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REDS KIDS BURY BRAVES AS COX CURSES MOUND

Sean Casey marvels at the two young players leading the Cincinnati Reds' surge.

Austin Kearns hit a bases-loaded double and Adam Dunn had a three-run homer Wednesday night, astonishing their teammates during a 9-3 victory over the Atlanta Braves.

"They're 23 years old," Casey marveled. "The way they go about their business, they seem like they're 33 instead of 23. Every night they have quality at-bats, and every night they do something special."

The longtime roommates are starting to convince Cincinnati fans that something special could be in store for the first season at Great American Ball Park, which is turning into a real home-field advantage.

Just ask the Braves, who hate the mound and what it's done to their pitching staff.

They hadn't lost consecutive games since April 11-12. They'd won 10 consecutive series when they arrived in Cincinnati with the best record in the majors.

Manager Bobby Cox complained about the mound before the first pitch of the series -- he said it seemed short -- and hasn't had many happy moments since.

He was ejected for questioning ball-and-strike calls in each of the first two games, leaving him with five ejections this season. Plate umpire Kerwin Danley threw Cox out after he changed pitchers in the fourth.

Cox spent the rest of his 62nd birthday fuming about the umpiring and the mound, which was once again checked and approved by baseball officials Tuesday.

"I don't want to make excuses, but that mound . . ." Cox said. "The relievers were saying their foot was hitting the mound before it should be hitting. It's (the Reds') mound. They can do what they want with it."

Mike Hampton (2-2) had trouble with just about everything as the Reds sent 10 batters to the plate for six runs in the fourth. He left with the bases loaded and the score tied at 3, and Kearns doubled to the wall in center off reliever Kevin Gryboski for the lead.

Gryboski threw three balls to start the at-bat, then got it to a full count before Kearns took care of a fastball.

"Just a bad pitch," Gryboski said.

Kearns drove in four runs with a pair of singles in a series-opening 9-8 win, and now has hit safely in a career-high 15 consecutive games.

Dunn got a pitch to hit in the eighth from Jung Keun Bong and sent it deep into the stands in right for his 17th homer, the most in the majors. The Reds have homered in 15 consecutive games, the third-longest streak in team history.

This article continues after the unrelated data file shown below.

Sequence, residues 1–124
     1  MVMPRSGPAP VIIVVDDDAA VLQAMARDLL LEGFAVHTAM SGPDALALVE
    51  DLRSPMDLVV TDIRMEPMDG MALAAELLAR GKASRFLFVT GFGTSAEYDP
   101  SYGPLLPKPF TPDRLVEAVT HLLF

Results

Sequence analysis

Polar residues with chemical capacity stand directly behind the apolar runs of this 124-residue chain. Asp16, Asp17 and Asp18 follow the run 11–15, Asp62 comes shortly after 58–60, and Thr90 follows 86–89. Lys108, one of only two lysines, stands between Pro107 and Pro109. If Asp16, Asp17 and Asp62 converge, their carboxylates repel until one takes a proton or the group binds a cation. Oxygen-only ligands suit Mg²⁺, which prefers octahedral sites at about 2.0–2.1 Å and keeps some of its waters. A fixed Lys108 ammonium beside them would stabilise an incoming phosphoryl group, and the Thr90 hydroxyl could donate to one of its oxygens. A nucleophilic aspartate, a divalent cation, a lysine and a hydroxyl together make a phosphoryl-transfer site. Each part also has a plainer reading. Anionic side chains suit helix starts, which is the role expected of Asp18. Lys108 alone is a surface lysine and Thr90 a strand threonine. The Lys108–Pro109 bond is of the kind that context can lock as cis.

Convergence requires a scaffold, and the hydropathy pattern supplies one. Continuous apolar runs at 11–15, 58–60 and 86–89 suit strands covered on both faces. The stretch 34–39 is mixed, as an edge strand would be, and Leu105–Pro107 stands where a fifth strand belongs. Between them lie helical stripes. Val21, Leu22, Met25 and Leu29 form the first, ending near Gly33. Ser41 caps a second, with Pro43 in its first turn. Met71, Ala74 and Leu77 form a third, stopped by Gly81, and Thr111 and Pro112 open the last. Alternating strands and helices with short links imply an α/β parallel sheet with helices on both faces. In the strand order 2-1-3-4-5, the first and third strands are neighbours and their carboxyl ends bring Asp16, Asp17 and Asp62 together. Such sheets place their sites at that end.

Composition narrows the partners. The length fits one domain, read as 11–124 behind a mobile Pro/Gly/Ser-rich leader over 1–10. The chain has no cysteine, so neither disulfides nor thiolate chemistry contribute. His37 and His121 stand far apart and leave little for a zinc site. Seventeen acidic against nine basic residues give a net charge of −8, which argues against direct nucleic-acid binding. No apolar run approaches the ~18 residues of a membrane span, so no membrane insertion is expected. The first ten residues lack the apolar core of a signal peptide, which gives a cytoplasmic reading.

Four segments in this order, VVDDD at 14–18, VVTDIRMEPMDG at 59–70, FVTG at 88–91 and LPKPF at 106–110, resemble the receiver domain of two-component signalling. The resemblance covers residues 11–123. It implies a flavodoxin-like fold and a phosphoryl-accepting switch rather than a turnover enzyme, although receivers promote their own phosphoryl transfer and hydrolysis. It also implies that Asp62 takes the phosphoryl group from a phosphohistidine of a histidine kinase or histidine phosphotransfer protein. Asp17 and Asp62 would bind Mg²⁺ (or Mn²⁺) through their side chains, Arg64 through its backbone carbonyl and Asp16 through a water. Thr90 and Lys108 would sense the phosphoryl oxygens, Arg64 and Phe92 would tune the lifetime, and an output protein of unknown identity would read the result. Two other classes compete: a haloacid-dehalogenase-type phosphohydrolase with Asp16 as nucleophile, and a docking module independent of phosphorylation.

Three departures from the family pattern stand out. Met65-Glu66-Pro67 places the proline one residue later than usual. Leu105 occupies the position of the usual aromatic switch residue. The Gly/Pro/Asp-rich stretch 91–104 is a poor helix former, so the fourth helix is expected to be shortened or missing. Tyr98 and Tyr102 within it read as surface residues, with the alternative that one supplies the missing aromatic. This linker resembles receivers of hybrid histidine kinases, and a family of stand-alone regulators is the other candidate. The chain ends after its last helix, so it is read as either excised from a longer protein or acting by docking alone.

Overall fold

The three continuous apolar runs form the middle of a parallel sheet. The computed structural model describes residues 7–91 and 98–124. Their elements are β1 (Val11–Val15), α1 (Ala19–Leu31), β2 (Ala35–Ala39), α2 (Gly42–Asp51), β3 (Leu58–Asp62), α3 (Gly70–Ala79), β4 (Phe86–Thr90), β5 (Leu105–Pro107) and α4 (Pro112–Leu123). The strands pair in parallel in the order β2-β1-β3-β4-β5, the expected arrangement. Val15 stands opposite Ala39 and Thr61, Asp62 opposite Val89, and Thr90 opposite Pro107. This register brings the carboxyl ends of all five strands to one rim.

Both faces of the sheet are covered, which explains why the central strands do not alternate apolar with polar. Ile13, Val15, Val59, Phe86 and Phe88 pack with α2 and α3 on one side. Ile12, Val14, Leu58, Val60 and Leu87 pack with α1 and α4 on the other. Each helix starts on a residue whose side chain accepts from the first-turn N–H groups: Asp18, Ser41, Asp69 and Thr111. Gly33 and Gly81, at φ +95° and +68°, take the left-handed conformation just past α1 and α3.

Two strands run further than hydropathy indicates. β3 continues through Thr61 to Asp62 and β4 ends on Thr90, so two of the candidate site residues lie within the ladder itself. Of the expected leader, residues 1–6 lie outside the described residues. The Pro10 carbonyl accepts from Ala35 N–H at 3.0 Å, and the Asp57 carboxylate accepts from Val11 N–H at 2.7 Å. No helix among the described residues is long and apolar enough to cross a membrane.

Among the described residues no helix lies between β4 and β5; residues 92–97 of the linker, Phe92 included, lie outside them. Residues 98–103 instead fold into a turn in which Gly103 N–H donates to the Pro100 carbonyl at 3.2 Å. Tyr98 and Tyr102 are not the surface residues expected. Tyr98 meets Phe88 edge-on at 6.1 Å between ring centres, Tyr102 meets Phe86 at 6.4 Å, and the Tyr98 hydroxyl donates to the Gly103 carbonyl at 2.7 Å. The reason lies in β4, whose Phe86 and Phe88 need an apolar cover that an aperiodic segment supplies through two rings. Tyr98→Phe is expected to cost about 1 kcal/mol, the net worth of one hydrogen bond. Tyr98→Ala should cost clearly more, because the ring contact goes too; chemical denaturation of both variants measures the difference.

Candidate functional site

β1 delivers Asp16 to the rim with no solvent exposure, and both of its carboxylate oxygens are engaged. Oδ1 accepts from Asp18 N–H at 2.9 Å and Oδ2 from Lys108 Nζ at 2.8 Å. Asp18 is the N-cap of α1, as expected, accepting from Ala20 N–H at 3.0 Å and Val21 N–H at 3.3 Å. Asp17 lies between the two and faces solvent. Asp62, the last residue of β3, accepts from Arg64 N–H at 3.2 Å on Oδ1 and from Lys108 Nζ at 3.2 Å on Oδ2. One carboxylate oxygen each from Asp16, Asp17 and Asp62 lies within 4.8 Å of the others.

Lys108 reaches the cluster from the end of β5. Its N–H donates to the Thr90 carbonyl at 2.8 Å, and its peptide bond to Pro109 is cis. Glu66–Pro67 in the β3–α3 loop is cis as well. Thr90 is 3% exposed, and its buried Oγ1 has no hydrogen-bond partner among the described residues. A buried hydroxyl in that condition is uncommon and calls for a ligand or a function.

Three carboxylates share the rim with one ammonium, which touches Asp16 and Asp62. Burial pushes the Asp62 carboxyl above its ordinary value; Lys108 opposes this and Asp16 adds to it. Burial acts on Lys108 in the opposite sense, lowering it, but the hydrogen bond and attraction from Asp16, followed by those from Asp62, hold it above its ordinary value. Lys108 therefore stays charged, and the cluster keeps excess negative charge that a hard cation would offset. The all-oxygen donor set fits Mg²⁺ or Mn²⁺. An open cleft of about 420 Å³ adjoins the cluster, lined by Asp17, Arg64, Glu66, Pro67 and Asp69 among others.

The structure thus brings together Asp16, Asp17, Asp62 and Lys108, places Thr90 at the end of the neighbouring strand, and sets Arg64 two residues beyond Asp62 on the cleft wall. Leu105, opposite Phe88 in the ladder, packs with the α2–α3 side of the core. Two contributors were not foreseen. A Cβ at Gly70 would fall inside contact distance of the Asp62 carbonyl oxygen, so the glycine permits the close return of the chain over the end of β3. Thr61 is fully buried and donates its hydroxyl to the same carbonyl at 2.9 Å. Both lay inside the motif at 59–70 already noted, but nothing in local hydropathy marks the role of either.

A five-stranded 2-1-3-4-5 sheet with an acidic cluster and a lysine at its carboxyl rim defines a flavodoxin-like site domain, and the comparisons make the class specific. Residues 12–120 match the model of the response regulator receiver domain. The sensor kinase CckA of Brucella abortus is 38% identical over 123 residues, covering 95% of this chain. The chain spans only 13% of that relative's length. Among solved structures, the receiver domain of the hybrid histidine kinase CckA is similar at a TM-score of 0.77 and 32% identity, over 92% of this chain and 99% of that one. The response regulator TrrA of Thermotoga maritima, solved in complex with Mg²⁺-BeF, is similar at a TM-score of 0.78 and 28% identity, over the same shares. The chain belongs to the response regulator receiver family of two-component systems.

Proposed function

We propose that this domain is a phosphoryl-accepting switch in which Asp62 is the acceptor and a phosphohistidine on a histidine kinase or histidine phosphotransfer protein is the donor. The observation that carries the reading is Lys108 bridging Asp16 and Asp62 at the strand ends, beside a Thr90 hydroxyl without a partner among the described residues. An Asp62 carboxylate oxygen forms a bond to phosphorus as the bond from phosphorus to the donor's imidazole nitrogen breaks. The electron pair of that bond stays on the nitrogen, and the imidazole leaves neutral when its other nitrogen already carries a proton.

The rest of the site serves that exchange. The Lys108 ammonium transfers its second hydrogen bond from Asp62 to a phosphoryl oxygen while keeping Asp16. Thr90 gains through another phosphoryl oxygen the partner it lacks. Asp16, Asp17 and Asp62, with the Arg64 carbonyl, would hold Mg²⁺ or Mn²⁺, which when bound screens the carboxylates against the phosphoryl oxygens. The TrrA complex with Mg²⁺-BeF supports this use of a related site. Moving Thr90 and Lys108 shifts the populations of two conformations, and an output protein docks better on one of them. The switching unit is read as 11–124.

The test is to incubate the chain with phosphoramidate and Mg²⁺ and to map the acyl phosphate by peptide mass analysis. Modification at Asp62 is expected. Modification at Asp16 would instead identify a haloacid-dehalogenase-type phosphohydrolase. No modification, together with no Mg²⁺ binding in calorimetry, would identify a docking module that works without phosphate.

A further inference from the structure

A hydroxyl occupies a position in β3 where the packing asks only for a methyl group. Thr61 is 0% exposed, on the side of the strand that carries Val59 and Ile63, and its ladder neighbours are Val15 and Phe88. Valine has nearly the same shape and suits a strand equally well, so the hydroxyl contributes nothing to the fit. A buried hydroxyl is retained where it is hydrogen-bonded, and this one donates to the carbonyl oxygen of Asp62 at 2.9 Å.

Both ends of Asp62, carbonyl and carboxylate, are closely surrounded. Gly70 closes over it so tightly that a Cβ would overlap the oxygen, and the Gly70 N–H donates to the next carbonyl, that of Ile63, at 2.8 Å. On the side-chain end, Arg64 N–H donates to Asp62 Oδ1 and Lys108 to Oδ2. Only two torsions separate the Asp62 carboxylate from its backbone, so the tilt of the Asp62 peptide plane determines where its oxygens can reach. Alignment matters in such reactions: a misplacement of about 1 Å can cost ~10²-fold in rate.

Dodgers tackle Rockies

LOS ANGELES -- Messing with the surging Los Angeles Dodgers these days apparently is risky business for opponents and fans.

Although All-Star closer Eric Gagne delivered another knockout punch Wednesday night in 3-2 victory over the Colorado Rockies, Dodger center fielder Jason Romano landed the most stunning blow in a wild ninth inning at Dodger Stadium.

Gagne struck out the side for third time in as many appearances while recording his fifth save in six days, 17th in as many chances and 25th in a row since last season.

That typically dominant performance, after Kazuhisa Ishii went six-plus innings, would have highlighted the Dodgers' season-high sixth consecutive victory, but one member of a crowd of 25,332 got into the act.

As team trainers tended to Gagne, who tried to barehand pinch-hitter Greg Norton's infield single, a fan rushed onto the field and headed toward left fielder Brian Jordan.

Alert because of increased incidents of fan violence the last two seasons, Romano rushed toward Jordan and intercepted the fan, punching and body-slamming the man as Dodger security personnel rushed to the scene. The fan, identified as Oscar Villanueva, 26, was taken into custody and will be charged with trespassing and stopping a major sporting event.

"I saw him coming straight at me, and I didn't know what he was going to do," said Romano, who entered in center field as a defensive replacement in the eighth as Jordan moved to left.

"I saw him raise his hand like he was going to hit (Jordan) in the back, so I just reacted. I hit him pretty good. I got him solid in the chest. I tackled him shoulder to shoulder."

Around the horn

Tony Clark singled home the winning run in the ninth inning and the Mets beat the Phillies, 5-4, ending the Phillies' three-game winning streak. . . . Jack Wilson and Brian Giles homered in a span of five pitches in the sixth inning as Kerry Wood (4-2) failed for the fourth straight start to win his 50th career game as the Pirates defeated the Cubs, 5-2. Kenny Lofton tagged and scored on an infield popup for Pittsburgh's second run. . . . Woody Williams won his ninth straight decision and Cal Eldred got Houston slugger Jeff Bagwell to ground into a game-ending double play with the bases loaded as the Cardinals beat the Astros, 7-4. Albert Pujols homered and drove in four runs for the Cardinals. . . . Ron Calloway drove in two runs with one of Montreal's six doubles, rookie Claudio Vargas won his second straight decision and the Expos sent the Marlins to their fifth loss in a row, 7-2. . . . Geoff Jenkins homered in his first three at-bats off Jake Peavy, then grounded out and struck out in two bids to hit his fourth as the Brewers pounded the Padres, 10-0. . . . Jason Schmidt threw a four-hitter in his second shutout and Marquis Grissom homered twice as the Giants beat the Diamondbacks, 6-0.

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